David Bourget (Western Ontario)
David Chalmers (ANU, NYU)
Rafael De Clercq
Jack Alan Reynolds
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Philosophical Studies 157 (3):323-340 (2012)
Does inferential justification require the subject to be aware that her premises support her conclusion? Externalists tend to answer “no” and internalists tend to answer “yes”. In fact, internalists often hold the strong higher-level requirement that an argument justifies its conclusion only if the subject justifiably believes that her premises support her conclusion. I argue for a middle ground. Against most externalists, I argue that inferential justification requires that one be aware that her premises support her conclusion. Against many internalists, I argue that this higher-level awareness needn’t be doxastic or justified. I also argue that the required higher-level awareness needn’t be caused in some appropriate way, e.g. by a reliable or properly functioning faculty. I suspect that this weaker higher-level requirement is overlooked because, at first glance, it seems absurd to allow nondoxastic, unjustified, and unreliably-caused higher-level awareness to contribute to inferential justification. One of the central goals of this paper is to explain how such weak awareness can make an essential contribution to inferential justification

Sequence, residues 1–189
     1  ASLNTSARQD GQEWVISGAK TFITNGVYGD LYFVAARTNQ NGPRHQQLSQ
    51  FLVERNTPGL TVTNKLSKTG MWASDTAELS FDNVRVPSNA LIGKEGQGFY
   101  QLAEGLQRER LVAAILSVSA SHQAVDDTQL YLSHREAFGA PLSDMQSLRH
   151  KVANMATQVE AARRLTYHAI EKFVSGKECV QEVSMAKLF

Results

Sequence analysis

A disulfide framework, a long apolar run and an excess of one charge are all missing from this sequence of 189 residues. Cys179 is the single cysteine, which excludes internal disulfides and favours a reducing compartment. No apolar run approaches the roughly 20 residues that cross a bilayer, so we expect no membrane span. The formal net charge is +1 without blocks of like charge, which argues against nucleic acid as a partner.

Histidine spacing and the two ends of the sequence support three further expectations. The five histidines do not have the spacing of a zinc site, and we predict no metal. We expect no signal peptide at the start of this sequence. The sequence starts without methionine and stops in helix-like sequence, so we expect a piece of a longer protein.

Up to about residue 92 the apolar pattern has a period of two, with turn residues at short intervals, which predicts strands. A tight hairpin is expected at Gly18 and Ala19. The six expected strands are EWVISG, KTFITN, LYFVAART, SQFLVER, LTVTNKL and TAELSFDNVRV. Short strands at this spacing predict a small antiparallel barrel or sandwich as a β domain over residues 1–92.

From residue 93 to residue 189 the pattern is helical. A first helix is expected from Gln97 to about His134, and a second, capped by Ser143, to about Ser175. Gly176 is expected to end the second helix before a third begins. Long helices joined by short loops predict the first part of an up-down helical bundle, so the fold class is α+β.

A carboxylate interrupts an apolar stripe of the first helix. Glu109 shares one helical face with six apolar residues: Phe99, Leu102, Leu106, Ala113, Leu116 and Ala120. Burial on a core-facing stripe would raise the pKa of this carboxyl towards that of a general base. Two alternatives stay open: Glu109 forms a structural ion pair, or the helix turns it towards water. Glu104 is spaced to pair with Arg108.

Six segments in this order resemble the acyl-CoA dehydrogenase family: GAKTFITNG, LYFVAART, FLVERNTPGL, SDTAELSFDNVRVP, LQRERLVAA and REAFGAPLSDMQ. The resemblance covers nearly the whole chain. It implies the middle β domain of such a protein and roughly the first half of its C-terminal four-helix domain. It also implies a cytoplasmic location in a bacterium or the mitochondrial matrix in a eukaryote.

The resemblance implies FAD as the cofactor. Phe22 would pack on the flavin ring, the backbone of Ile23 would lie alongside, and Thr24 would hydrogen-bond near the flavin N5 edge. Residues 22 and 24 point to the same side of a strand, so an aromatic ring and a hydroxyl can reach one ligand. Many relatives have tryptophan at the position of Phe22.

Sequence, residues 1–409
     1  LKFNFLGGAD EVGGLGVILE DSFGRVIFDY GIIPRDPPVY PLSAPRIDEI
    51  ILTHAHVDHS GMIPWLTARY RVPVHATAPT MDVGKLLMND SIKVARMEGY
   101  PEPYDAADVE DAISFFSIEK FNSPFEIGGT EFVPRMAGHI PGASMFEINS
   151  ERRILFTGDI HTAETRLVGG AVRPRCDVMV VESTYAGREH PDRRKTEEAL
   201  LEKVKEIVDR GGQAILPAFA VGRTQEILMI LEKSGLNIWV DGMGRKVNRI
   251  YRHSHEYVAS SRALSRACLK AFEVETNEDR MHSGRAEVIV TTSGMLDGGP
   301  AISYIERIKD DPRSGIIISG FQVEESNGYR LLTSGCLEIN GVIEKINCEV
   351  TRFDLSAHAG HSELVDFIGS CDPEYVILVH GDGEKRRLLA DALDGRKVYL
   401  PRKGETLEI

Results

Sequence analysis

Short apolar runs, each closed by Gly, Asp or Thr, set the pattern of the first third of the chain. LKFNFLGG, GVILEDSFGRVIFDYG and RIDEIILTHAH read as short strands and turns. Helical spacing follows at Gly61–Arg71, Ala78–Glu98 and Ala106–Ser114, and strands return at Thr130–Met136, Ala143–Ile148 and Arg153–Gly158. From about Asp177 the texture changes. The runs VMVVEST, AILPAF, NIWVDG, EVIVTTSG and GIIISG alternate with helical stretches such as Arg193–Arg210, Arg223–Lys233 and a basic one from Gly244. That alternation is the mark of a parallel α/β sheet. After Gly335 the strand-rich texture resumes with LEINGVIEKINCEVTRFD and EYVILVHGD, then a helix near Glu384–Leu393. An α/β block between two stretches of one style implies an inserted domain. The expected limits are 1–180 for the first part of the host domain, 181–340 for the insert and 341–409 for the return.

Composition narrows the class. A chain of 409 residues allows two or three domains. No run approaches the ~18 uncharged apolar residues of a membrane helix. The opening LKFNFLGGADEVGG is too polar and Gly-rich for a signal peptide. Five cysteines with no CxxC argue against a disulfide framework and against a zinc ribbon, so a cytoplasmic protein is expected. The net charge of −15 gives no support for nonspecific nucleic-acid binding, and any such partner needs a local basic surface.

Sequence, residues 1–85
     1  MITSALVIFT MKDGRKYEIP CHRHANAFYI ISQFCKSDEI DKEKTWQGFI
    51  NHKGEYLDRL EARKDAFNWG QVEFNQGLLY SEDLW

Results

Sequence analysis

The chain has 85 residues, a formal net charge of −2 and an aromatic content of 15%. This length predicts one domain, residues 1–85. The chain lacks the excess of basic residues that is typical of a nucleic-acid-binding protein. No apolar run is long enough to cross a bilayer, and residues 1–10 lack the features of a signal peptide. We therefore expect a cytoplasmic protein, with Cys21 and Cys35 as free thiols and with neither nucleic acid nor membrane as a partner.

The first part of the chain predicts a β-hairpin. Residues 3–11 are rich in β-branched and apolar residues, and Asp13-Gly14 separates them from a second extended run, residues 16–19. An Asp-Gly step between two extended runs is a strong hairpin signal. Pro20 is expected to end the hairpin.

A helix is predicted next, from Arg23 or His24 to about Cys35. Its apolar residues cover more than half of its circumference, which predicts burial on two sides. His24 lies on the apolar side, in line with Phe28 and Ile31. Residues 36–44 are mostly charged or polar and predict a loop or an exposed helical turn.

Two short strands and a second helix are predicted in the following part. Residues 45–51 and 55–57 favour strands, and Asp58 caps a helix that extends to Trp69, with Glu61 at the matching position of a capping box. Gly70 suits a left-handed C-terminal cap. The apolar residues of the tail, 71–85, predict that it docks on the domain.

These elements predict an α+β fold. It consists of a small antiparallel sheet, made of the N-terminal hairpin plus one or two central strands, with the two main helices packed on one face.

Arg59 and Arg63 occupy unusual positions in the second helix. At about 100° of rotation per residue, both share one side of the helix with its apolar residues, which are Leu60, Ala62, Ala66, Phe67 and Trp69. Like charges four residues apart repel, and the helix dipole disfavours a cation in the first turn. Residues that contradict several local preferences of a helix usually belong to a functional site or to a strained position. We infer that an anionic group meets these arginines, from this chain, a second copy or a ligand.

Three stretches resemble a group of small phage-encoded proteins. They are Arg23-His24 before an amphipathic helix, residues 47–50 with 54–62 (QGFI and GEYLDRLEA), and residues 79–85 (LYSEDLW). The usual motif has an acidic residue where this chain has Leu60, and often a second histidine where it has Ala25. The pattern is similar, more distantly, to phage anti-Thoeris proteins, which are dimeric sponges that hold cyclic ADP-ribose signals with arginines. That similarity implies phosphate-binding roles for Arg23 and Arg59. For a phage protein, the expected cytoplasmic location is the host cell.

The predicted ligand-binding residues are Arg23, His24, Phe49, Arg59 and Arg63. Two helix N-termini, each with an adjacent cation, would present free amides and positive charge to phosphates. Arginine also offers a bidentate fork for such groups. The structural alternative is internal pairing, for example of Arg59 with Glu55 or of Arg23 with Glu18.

|Keywords||Inferential justification Higher-level requirements Internalism Externalism Fumerton Awareness Subject’s perspective Inferential internalism|
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References found in this work BETA
Michael Bergmann (2006). Justification Without Awareness: A Defense of Epistemic Externalism. Oxford University Press.
Alvin Plantinga (1993). Warrant and Proper Function. Oxford University Press.
Laurence BonJour (1985). The Structure of Empirical Knowledge. Harvard University Press.
Richard A. Fumerton (1995). Metaepistemology and Skepticism. Rowman & Littlefield.
Michael Huemer (2001). Skepticism and the Veil of Perception. Lanham: Rowman & Littlefield.
Citations of this work BETA
Chris Tucker (2014). If Dogmatists Have a Problem with Cognitive Penetration, You Do Too. Dialectica 68 (1):35-62.
Logan Paul Gage (2016). Phenomenal Conservatism and the Subject’s Perspective Objection. Acta Analytica 31 (1):43-58.
Luca Moretti & Tommaso Piazza (2015). Phenomenal Conservatism and Bergmann’s Dilemma. Erkenntnis 80 (6):1271-1290.
Kevin McCain (2013). Explanationist Evidentialism. Episteme 10 (3):299-315.
Hans Muller & Bana Bashour (2011). Why Alief is Not a Legitimate Psychological Category. Journal of Philosophical Research 36:371-389.
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